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Thursday, October 22, 2020
Addval Developments
Addval Developments

UC researchers commit to strengthening democracy

As the final wave of voters head to the polls for the 2020 ACT election, the University of Canberra has received funding to build a stronger democracy through citizen engagement.

The Australian Research Council (ARC) has awarded $200,000 to the Centre for Deliberative Democracy and Global Governance to monitor deliberative integrity through citizen engagement.

Lead researcher Associate Professor Nicole Curato said recent interest in democracy was showing in different ways.

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“Known as ‘the deliberative wave’, it has seen the rapid proliferation of citizen juries, citizen assemblies and citizen panels, among others, as a way of responding to the crisis of democracy,” she said.

“While many say that trust in democracy is declining, there is actually a growing interest in doing democracy differently.”

During the deliberative process, random citizens will be chosen to discuss a topical issue over three to five days, with engagement from experts and advocates.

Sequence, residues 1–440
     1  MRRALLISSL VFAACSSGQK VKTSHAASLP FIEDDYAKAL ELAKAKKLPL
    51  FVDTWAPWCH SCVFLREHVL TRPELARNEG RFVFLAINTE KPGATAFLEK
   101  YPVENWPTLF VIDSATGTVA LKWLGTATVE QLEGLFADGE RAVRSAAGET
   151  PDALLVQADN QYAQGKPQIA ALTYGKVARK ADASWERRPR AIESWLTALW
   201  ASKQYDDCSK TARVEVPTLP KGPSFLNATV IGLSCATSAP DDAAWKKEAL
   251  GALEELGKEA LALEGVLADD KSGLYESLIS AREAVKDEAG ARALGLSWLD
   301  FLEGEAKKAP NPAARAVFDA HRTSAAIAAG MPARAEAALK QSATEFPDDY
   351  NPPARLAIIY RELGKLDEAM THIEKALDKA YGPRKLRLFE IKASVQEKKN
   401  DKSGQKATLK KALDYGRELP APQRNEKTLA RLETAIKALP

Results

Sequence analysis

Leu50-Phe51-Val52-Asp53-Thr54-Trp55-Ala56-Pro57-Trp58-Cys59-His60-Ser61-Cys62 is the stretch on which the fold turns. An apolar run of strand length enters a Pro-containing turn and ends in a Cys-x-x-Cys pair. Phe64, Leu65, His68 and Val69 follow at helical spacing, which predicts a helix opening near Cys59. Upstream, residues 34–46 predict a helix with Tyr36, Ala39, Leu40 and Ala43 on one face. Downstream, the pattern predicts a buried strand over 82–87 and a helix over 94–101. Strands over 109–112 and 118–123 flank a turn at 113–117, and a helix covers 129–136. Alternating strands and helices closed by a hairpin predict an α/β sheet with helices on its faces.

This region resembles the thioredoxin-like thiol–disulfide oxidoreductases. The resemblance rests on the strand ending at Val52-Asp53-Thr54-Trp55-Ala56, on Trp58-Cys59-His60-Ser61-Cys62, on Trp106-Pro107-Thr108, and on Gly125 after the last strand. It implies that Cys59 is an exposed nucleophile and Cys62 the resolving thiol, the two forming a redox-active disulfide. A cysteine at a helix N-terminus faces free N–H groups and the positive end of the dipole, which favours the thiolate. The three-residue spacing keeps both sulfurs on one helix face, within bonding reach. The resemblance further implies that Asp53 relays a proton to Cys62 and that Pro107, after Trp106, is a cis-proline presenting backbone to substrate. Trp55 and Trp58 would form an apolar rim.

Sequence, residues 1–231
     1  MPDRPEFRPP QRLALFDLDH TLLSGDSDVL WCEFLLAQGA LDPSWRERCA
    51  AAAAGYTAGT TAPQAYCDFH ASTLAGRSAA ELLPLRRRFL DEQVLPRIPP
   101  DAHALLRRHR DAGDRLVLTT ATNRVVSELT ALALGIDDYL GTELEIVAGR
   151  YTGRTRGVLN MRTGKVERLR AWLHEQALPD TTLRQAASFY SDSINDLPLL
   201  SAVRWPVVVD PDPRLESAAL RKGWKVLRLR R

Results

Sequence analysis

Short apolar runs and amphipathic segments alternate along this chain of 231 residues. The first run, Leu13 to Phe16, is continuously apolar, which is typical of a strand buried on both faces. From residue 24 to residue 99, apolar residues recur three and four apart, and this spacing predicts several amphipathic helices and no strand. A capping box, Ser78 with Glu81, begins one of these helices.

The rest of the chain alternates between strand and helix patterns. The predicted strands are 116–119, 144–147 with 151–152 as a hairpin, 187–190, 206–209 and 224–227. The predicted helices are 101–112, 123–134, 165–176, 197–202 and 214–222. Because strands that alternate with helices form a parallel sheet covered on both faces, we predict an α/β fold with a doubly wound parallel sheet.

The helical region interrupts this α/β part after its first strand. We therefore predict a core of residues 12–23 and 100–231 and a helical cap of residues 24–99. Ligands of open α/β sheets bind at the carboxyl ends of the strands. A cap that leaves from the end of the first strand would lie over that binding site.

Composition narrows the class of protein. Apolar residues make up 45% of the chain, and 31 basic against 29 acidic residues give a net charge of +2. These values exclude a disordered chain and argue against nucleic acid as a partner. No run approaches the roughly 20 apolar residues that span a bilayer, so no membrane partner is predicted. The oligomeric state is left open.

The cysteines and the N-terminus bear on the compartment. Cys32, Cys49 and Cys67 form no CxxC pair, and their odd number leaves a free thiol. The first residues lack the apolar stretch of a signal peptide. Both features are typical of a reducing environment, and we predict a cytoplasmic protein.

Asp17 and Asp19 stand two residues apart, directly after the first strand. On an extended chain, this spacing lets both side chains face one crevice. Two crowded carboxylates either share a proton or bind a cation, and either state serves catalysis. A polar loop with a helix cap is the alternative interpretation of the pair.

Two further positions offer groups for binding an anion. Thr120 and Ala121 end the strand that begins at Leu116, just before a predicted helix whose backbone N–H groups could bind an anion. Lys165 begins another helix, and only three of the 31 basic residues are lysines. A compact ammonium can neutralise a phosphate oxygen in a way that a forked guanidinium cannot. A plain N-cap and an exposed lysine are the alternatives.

They are then given time to process the information, reflect individually then as a group, and provide recommendations on the topic.

The findings will then be used to build a Deliberative Integrity Monitoring Tool by the research team.

“To develop and design the Deliberative Integrity Monitoring Framework, we will collaborate with the global network of scholars, practitioners and policymakers,” Associate Professor Curato said.

“Our Centre has core strengths in developing cutting-edge theory and sophisticated methodology in studying deliberative practice, and we think these core strengths can be enhanced by connecting to a global community who have run a lot of these processes themselves.

“We will be able to discover and set the standards for best practice in democratic innovation, that will in turn help improve the quality of Australian democracy – and we are grateful that the ARC considered this project an important one at a time when democratic discontent is on the rise.”

Working alongside Professor John Dryzek, Associate Professor Selen Ercan, and Professor Simon Niemeyer, the framework will be applied to the expanding range of deliberative democratic innovations in Australia.

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